Thus far I have only cut engravings into soft metals (brass, copper, aluminum, etc) but I would like to try some cuts in steel...while the CNC isn't designed to mill steel I think I could get away engraving it.  Best of all is when I nuke the cutting edges I simple chuck it back into the lathe and bring it right back to new. 

MK2 Prototypes

Dark and off focused images, tooling marks,  what gives?  Well these are the first looks at the prototype for the MK2 pen I've been working on...not an official launch, but a taste of whats to come.  Normally I keep my prototypes to myself but I am so excited about this pen I can't wait to show it off!

I've built 4 of these prototype so far, each slightly different from the other.  There are many things I'm trying for the first time with this design so I needed some functioning pens to provide some real world testing.  Over the coming weeks I'll be releasing a few of these beta units into the wild to get some feedback (from people other then myself), but overall I am very VERY happy with how this design as turned out.

Please stay tuned for updates on the official launch.  I will be offering a discounted price to people who pre-order and will update the store with a select number of spots.  It has been my goal to produce a proper bolt action pen, something just as rugged as the MK1 while showcasing some finer design elements.  I think I've nailed it with this unit and I can't wait for its official launch! 

New Design Laptop

The time has come to finally update my computer.  While not a machining blog post I'm sure most of the nerdy readers will still enjoy knowing what I use to crank out designs.

I ended up going with an ASUS laptop packing an i7-6700HQ CPU, a GeForce 960M graphics card and the all important 16 gigs of DDR4 ram.  While this is by no means the extreme level of laptop computing its more then powerful enough for my purposes.

This means I will also have to jump video editing programs (most of my video edits are currently done on OSX), but clocking out at nearly 8 times faster then my previous machine I think I'll manage with the switch.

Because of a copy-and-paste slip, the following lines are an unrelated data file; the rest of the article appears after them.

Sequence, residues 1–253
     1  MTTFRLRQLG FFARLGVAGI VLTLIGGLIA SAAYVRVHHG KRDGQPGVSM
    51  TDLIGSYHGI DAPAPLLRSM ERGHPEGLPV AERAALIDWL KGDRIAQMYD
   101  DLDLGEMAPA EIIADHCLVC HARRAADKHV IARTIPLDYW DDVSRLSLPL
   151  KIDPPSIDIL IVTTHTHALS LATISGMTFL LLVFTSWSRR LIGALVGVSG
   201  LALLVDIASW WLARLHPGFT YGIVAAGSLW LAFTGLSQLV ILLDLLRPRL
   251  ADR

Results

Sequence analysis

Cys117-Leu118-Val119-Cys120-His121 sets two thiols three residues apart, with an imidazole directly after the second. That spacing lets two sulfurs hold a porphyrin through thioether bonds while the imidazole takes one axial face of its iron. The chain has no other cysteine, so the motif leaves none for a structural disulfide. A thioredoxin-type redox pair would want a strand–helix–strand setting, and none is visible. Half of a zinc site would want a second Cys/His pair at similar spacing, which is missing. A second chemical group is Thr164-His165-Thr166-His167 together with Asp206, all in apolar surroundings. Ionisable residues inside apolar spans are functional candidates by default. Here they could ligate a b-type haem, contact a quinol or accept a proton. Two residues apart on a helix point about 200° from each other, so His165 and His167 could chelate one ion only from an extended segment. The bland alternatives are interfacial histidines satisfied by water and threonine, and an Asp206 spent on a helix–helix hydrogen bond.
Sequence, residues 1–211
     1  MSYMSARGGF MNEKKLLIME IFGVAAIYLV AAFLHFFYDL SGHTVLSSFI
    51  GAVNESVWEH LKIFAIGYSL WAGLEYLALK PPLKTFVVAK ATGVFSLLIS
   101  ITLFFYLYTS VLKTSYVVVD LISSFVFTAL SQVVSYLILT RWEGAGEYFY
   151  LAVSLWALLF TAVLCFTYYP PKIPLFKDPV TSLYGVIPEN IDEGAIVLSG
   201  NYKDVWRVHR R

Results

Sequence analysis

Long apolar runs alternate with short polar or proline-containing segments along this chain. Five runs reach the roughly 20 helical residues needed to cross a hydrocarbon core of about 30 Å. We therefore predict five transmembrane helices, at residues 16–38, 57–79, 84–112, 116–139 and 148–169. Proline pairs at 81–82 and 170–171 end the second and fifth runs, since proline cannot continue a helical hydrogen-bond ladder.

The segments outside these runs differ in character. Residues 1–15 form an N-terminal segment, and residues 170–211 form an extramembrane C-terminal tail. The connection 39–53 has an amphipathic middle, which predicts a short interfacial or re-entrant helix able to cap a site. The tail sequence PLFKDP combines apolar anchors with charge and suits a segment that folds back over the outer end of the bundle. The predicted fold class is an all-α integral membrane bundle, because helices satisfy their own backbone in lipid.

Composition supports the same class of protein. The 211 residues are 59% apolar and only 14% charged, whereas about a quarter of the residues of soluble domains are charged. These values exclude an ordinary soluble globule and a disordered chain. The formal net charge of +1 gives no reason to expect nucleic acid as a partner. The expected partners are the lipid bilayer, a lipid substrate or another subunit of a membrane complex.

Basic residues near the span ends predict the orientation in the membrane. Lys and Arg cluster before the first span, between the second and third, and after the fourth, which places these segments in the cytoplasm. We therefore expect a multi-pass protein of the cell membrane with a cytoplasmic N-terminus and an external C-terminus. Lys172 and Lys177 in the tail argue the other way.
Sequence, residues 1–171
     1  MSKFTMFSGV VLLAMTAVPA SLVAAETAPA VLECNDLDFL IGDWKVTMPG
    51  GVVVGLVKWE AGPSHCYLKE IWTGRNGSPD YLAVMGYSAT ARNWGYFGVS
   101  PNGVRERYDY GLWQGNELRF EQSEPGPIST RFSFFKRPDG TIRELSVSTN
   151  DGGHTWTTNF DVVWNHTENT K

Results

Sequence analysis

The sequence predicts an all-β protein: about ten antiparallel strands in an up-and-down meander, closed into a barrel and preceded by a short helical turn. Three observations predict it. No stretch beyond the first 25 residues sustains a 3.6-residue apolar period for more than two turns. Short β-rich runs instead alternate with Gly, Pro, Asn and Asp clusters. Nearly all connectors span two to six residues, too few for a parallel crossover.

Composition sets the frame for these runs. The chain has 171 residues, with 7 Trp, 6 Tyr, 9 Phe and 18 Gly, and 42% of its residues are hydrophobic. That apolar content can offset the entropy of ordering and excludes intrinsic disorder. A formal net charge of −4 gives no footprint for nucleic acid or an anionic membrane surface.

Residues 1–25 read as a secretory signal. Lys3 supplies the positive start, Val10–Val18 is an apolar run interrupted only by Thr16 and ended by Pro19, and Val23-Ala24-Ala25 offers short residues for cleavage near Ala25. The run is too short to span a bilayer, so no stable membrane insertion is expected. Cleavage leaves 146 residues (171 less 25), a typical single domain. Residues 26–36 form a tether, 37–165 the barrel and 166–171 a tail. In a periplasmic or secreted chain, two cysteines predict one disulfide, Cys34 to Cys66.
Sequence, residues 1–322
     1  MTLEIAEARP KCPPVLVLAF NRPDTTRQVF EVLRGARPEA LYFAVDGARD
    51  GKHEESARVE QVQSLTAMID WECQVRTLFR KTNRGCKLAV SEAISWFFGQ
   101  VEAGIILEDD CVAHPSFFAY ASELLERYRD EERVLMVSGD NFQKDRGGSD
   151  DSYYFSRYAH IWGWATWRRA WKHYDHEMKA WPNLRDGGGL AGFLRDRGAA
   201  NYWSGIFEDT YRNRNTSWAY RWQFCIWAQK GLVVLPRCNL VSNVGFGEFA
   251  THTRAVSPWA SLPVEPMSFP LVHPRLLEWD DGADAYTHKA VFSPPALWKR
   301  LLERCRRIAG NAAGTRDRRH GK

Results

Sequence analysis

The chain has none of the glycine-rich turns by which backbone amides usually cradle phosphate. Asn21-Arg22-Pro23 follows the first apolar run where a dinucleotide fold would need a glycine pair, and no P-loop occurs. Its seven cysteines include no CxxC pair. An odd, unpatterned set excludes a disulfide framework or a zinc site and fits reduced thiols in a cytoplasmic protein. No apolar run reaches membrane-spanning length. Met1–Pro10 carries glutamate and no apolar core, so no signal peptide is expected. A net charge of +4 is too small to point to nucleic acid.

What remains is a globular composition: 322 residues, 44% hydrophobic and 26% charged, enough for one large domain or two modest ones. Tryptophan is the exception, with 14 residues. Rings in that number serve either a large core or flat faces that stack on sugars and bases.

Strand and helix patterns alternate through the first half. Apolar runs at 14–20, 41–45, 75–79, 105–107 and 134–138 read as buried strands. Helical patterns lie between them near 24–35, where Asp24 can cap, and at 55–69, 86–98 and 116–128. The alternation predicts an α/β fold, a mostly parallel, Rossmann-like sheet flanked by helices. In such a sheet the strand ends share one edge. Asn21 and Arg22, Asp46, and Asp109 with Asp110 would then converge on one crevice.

Next post should be back to our regularly scheduled topics :).

 

DIY Boring Bar

Here I go over the newest shop made tool I've added to my collection.  Enjoy!

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I recently had to clean up the inside of some fairly large diameter holes. The best way to accomplish this would be with a boring bar, but a boring bar I did not have...till now. 

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I used a small section of steel rod turned down to size and milled/cross drilled to accept a HSS cutter (broken drill bit). I shaped the cutter on the belt sander and didn't even bother moving to the oil stone before cutting. I needed this tool to true up the inside bore on a customers project.  Here you can see the before and after shots of this operation (rough hole was cut via cnc).  

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Adjusting the diameter is easier then I assumed it would be seeing as there is no "fine adjust". A few light taps to the back of the cutter with a loosened off set screw lets you bump to size easily. 

The hardest part of this whole project was indicating off the rough hole to find exact centre and switching out tools.  The actual cutting was easy as pie and left a beautiful surface finish!